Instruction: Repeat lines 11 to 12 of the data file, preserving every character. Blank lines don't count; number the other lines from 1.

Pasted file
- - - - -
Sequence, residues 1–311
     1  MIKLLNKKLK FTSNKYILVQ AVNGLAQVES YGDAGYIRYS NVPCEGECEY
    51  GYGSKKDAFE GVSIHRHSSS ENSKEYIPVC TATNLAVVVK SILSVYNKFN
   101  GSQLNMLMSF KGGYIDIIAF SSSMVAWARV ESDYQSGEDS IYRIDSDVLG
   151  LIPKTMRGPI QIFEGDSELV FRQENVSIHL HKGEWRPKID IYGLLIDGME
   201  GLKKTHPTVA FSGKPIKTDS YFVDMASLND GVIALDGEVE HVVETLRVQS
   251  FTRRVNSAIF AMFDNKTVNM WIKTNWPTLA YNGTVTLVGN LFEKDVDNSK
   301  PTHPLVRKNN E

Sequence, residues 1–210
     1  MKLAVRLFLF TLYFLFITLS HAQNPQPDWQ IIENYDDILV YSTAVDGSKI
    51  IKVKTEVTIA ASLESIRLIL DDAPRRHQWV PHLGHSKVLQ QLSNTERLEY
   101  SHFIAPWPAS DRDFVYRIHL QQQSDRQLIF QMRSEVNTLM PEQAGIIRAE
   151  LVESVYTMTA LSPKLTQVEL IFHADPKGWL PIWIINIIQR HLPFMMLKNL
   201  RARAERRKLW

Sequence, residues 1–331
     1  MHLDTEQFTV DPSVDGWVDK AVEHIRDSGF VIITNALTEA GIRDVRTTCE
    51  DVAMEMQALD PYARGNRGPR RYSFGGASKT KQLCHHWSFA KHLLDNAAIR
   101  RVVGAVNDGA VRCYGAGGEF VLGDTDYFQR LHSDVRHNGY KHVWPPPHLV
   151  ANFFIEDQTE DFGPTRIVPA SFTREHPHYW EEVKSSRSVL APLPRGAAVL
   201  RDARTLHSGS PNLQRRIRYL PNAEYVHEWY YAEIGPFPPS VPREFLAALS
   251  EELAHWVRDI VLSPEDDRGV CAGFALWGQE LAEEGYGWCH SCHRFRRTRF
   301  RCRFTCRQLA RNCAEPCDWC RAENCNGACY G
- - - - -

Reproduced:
    51  IKVKTEVTIA ASLESIRLIL DDAPRRHQWV PHLGHSKVLQ QLSNTERLEY
   101  SHFIAPWPAS DRDFVYRIHL QQQSDRQLIF QMRSEVNTLM PEQAGIIRAE